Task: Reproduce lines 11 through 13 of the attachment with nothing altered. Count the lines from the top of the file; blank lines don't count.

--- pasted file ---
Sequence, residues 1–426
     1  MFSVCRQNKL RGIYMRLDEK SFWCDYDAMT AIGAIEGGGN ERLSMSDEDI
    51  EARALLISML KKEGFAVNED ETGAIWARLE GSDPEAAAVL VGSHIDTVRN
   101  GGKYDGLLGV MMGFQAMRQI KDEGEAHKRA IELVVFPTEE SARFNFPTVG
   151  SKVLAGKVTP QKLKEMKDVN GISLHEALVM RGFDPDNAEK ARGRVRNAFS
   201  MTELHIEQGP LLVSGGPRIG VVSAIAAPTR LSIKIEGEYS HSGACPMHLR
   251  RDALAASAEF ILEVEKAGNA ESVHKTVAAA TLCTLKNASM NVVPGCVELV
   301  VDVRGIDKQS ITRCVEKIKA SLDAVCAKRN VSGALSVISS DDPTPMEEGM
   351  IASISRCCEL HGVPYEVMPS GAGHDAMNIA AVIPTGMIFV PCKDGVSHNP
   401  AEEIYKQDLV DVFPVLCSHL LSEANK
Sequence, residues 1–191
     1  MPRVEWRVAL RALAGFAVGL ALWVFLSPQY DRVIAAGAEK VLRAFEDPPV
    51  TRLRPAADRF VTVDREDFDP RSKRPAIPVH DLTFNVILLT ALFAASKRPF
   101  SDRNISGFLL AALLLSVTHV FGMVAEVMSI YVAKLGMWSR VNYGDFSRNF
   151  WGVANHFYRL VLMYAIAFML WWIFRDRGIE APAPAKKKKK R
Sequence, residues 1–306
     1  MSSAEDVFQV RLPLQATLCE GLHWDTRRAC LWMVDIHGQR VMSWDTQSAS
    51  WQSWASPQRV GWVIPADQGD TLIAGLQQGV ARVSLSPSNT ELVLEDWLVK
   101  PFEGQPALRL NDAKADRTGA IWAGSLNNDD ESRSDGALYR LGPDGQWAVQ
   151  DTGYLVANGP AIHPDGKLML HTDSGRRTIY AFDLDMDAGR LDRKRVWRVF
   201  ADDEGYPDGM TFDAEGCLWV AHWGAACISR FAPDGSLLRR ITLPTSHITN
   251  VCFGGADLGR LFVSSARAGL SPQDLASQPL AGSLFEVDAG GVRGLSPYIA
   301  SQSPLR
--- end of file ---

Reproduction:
Sequence, residues 1–191
     1  MPRVEWRVAL RALAGFAVGL ALWVFLSPQY DRVIAAGAEK VLRAFEDPPV
    51  TRLRPAADRF VTVDREDFDP RSKRPAIPVH DLTFNVILLT ALFAASKRPF